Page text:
SDI altered this nuclear attack outcome. With SDI deployed, the US could potentially preserve some of its weapons for a second round of attacks. This second round gave the US superiority over its Soviet opponent. Suddenly a nuclear war became "winnable," as insane as that sounds. In this case, then, defense was important, but only to preserve the weapons of offense.

In the final analysis, what makes you feel safer -- a lack of criminals on your street, or iron bars on your windows?

12 comments:

Matt Richard said...

I tend to agree with the statement "When the attacker is allowed freedom of maneuver, the defender will lose." This is certainly true when the attacker is skilled and has an interest in a specific target or group of targets. I think this assertion is stronger as assumed value of threat increases.

I would however counter that a good defense can nearly eliminate risk in many situations by minimizing vulnerability. Except in cases where there is a very high threat (attacker skill level) or asset value good defense usually wins. The downside to this way of thinking is that inevitably the threat will increase as the attackers learn new skills and proliferate more advanced attacks thus minimizing the value of the old defenses.

As with terrorism, "The side with initiative has the superior position" holds true. A good defense that constantly evolves will do well against established attacks and potentially some new attacks. Unfortunately in the end the attacker only has to find one weakness while the defender must attempt to hide all weaknesses.

John Collins said...

Well I had something nice and in depth typed up and lost it all!

Oh well, I am curious about the type of offensive ops you are suggesting Richard. Obviously we can't attack the attackers because then we implicate ourselves. Once the trace of the attacker leads us outside the US, what then? China won't help, Russia is a mess, Brazil and Thailand have lax cyber crime laws.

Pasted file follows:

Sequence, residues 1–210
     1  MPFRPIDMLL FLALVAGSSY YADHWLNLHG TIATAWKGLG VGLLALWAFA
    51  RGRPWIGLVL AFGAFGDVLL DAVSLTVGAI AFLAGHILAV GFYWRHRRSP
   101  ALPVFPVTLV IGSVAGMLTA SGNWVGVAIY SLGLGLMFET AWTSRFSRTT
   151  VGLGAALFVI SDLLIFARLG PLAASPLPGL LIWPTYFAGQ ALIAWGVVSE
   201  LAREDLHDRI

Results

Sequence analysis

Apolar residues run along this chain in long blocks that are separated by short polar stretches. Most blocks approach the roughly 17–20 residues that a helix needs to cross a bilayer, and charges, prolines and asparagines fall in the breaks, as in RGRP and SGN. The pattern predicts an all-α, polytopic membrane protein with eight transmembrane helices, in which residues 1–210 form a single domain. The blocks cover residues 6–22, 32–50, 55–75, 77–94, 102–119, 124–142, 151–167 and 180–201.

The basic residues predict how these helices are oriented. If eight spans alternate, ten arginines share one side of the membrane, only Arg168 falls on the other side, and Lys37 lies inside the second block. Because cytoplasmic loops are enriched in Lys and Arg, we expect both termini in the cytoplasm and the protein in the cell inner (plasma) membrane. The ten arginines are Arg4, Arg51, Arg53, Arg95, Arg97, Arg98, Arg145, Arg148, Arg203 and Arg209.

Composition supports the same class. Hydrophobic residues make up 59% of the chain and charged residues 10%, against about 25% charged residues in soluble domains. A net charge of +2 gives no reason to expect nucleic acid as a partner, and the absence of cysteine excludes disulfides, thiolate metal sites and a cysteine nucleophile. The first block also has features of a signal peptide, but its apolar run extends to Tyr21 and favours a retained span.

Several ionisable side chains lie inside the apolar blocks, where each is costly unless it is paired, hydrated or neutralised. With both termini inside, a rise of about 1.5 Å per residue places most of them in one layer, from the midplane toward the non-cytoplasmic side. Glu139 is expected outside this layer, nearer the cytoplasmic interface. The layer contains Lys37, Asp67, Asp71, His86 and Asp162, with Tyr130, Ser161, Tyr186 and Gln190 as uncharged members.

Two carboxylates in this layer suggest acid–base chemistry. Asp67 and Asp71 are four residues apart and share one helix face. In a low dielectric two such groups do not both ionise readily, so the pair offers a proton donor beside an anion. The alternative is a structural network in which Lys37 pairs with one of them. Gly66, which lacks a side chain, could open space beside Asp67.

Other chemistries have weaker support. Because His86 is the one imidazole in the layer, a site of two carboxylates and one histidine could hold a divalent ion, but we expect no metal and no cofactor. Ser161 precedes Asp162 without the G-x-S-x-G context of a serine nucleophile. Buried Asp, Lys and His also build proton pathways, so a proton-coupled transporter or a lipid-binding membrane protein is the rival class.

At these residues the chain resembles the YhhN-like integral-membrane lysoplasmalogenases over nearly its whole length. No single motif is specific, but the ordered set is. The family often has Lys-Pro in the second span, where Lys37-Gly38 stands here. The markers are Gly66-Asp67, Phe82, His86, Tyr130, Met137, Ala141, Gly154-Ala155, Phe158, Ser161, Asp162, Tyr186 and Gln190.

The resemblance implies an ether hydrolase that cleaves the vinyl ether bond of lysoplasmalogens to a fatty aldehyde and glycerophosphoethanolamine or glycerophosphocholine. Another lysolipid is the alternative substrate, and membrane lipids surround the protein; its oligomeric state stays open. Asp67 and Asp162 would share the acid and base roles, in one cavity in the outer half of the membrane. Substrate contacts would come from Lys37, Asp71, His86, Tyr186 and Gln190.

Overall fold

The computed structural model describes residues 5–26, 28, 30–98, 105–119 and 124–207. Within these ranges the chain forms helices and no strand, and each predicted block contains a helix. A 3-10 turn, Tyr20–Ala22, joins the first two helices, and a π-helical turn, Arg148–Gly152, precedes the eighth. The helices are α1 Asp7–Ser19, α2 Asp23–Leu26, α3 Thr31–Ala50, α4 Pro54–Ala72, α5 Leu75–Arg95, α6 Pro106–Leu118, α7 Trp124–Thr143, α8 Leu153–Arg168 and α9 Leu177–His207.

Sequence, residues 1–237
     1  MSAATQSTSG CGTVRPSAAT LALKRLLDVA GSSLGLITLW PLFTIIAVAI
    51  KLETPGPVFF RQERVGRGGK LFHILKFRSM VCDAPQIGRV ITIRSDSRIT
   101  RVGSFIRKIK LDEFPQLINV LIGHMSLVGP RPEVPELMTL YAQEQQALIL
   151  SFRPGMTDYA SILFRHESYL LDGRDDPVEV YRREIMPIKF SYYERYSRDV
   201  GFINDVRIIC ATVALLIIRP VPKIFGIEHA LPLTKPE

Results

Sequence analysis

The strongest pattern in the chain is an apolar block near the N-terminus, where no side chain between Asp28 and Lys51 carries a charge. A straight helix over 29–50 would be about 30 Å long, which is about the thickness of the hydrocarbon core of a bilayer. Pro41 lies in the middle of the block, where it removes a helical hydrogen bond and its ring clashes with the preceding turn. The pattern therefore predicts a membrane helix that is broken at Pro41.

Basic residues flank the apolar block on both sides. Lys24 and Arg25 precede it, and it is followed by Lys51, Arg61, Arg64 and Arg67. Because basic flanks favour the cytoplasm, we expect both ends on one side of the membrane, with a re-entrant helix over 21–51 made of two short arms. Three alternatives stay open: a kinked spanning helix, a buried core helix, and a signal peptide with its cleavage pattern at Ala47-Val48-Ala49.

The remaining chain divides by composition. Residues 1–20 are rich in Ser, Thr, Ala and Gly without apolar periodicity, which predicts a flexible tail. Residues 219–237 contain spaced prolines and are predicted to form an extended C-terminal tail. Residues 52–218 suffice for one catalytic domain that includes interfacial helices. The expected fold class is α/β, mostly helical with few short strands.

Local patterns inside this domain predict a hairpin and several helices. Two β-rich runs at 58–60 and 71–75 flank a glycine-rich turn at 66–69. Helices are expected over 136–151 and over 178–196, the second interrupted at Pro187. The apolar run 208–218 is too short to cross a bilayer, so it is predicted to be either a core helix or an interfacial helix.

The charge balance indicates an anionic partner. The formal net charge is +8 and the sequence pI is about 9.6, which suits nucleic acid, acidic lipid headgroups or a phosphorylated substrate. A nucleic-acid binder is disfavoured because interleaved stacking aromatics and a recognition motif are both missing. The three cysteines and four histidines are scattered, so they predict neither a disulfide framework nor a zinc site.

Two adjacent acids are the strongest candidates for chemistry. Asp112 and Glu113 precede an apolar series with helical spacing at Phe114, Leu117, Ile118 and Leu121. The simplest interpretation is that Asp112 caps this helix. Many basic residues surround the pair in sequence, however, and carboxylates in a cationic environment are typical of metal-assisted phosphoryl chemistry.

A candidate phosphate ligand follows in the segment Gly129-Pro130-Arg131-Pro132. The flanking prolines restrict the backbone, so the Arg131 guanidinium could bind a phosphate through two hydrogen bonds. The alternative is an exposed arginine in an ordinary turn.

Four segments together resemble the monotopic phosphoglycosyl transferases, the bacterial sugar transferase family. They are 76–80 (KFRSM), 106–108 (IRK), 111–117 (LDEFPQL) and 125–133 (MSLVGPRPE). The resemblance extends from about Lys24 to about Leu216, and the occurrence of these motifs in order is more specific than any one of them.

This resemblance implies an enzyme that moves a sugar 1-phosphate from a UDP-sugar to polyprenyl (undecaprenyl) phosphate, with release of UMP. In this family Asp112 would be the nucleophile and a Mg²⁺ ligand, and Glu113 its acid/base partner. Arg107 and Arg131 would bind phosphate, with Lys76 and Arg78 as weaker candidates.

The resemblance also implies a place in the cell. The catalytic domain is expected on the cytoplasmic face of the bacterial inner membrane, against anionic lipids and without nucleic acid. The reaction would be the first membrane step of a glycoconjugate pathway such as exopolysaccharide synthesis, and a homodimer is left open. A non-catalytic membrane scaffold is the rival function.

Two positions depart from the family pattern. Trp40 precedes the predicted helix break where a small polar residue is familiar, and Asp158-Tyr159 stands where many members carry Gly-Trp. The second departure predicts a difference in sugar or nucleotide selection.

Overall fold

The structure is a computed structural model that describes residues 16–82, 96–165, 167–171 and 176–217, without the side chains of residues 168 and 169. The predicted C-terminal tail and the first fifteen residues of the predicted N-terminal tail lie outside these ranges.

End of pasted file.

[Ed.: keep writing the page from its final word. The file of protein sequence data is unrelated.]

I guess I'm uneducated about "legal" offensive ops in this arena. Or maybe I'm just not understanding what you are suggesting.

Richard Bejtlich said...

Hi John,

I am not necessarily implying anything as exotic as offensive IO. Improved cooperation with foreign law enforcement is one way to eliminate threats. In a case I worked, the Bureau sent an agent to Romania to assist their law enforcement agencies track a known threat.

Chris_B said...

The problem we have here is that the military analogy falls down flat. The attackers of our networks generally can not be subdued by military means. While various legal frameworks are improving, the fact is, there never can be a "one hacker one bullet" type response.

Richard Bejtlich said...

If you can't accept a military analogy, surely a police one will apply. Why do we have jails? Why not just beef up home, auto, personal, business, etc. countermeasures and let threats roam the streets?

Anonymous said...

Your point about offense is a good one, though your Cold War history is inaccurate. The Soviets didn't think Reagan could build an effective SDI and they were right about that. They also didn't bankrupt their economy by increasing their military spending to keep up with US military spending. However, Saudi Arabia did crush the Soviet Union's ability to obtain hard currency by lowering the price per barrel of oil to the point to around the Soviet cost of extracting a barrel of oil.

Richard Bejtlich said...
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Richard Bejtlich said...